Co-pays, co-insurance, and other out-of-pocket (OOP) costs are a significant burden for anyone with an expensive chronic condition like a bleeding disorder. The Affordable Care Act puts limits on how much an insurer can charge in OOP, but those limits are still very high: $7,350 for self-only coverage in 2018 and $14,700 for family coverage. Many people with a bleeding disorder will incur OOP costs up to the maximum early each calendar year.
Fortunately, there are resources available to help families cope with co-pays and other OOP amounts. Various charities and drug manufacturers operate Patient Assistance Programs that may be able to assist you. HFA maintains a regularly-updated list of these programs. Depending on income level, some individuals and families on ACA Exchange insurance plans may also be entitled to cost-sharing reductions.
Some states have considered legislation to restrict the use of manufacturer co-pay cards. The reasoning behind these efforts is that co-pay cards make it painless for patients to choose pricy brand name medications over cheaper generics. HFA and other patient groups have generally been successful, to date, in showing that these arguments don’t hold up in situations where no generics exist. For individuals with a bleeding disorder, there is no alternative to expensive specialty medications. Co-pay assistance programs offer essential help with unavoidable OOP charges that apply year in and year out.
Separately, some health plans and pharmacy benefits managers have begun to implement accumulator adjuster programs (AAPs) that reduce the value of manufacturer co-pay assistance. You can find a discussion of AAPs here [link].
|Navigating Patient Assistance Programs: With the uncertainty of healthcare, many in the bleeding disorders community are concerned about the future of cost and access to factor products. Co-payments and out-of-pocket expenses can be devastating on a family’s budget. Many manufacturers of factor products have co-pay assistance programs that can provide a source of relief.|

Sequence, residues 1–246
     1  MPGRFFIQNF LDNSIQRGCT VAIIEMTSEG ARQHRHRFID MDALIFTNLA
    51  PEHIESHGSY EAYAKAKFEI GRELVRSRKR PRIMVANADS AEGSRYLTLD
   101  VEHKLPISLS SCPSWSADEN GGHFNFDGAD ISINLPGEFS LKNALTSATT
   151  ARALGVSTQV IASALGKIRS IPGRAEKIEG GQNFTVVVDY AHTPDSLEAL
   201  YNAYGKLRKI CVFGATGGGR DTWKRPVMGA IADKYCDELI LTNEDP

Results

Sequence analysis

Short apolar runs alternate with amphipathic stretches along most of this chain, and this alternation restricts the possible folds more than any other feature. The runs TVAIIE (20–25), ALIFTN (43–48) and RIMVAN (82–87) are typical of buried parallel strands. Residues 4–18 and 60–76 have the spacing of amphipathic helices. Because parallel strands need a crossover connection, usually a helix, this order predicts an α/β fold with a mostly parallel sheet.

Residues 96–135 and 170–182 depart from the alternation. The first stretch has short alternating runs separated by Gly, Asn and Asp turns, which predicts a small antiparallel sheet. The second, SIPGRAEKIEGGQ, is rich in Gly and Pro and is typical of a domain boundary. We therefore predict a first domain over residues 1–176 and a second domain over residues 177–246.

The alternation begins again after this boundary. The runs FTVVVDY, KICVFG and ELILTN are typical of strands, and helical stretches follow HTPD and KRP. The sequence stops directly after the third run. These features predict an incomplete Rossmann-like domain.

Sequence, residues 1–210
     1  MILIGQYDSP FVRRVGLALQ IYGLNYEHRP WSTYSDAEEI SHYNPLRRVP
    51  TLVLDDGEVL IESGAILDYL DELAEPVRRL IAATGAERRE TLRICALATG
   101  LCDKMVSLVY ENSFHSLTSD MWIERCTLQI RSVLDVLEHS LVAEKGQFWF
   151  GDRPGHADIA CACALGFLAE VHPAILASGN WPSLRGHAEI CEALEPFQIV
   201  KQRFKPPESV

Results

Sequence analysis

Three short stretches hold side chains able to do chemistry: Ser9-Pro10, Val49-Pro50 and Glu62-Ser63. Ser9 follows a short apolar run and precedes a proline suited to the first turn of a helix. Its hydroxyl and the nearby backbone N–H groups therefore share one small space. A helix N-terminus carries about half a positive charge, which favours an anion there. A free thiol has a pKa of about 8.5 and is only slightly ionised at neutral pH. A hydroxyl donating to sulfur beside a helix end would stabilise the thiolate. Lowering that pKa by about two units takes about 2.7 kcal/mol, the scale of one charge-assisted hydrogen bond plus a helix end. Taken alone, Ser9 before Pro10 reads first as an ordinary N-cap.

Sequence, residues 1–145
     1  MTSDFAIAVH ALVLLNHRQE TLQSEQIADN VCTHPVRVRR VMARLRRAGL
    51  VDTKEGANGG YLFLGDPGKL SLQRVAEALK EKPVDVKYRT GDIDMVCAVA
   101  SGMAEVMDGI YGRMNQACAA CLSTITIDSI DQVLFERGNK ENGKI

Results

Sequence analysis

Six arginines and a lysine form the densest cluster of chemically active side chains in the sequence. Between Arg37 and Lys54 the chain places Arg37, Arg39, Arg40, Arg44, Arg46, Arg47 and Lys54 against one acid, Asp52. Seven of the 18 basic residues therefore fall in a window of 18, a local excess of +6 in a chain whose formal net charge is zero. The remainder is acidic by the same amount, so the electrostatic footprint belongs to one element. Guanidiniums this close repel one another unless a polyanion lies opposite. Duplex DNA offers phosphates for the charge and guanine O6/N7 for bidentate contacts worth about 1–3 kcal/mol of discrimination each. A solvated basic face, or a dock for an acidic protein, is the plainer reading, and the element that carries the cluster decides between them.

|Dear Addy: HFA frequently receives questions from the bleeding disorders community related to advocacy issues. The questions often impact the entire community. In an effort to reach the largest audience possible with our responses to these widely applicable questions, HFA developed “Dear Addy.” Questions submitted to this column are edited in order to protect privacy and should be considered educational only, not individual guidance. The following are Dear Addy questions and answers about accumulator adjuster programs, and out of pocket expenses.|
Accumulator Adjuster Programs
Info coming soon
Many nonprofit organizations around the country offer premium assistance for patients with chronic and expensive disorders. High quality insurance with adequate networks and formularies is necessary to preserve access to hemophilia treatment centers and specialized hematologists, and to the services and medications necessary to properly manage a bleeding disorder. Without affordable access to treatment and care, managing a bleeding disorder becomes nearly impossible. The types of plans necessary to adequately cover the cost of a chronic condition often come with a high premium. It is essential to the bleeding disorders community that charities willing to assist our community in affording high quality insurance are able to do so.
Many of these organizations also help patients afford their premiums during times of economic or family crisis such as the loss of a job or primary earner, or while patients transition from their parent’s plans onto their own.
In March of 2014, the Centers for Medicaid and Medicare Services (CMS) issued an interim rule (which has the force of law) that listed 3 entities that insurance companies MUST accept premium assistance from:
- Ryan White HIV/AIDS Programs
- Indian tribes and tribal organizations
- Federal and State Entities
CMS did not include nonprofit organizations on this list of entities that companies must accept premium assistance from. Many insurers are using that omission to stop accepting payments from 3rd party nonprofit organizations.
Patients around the country with chronic and expensive conditions can no longer receive the help they need to afford their insurance premiums. HFA supports requiring insurance companies on the Marketplace to accept premium assistance payments from nonprofit organizations in addition to the entities already recognized by CMS.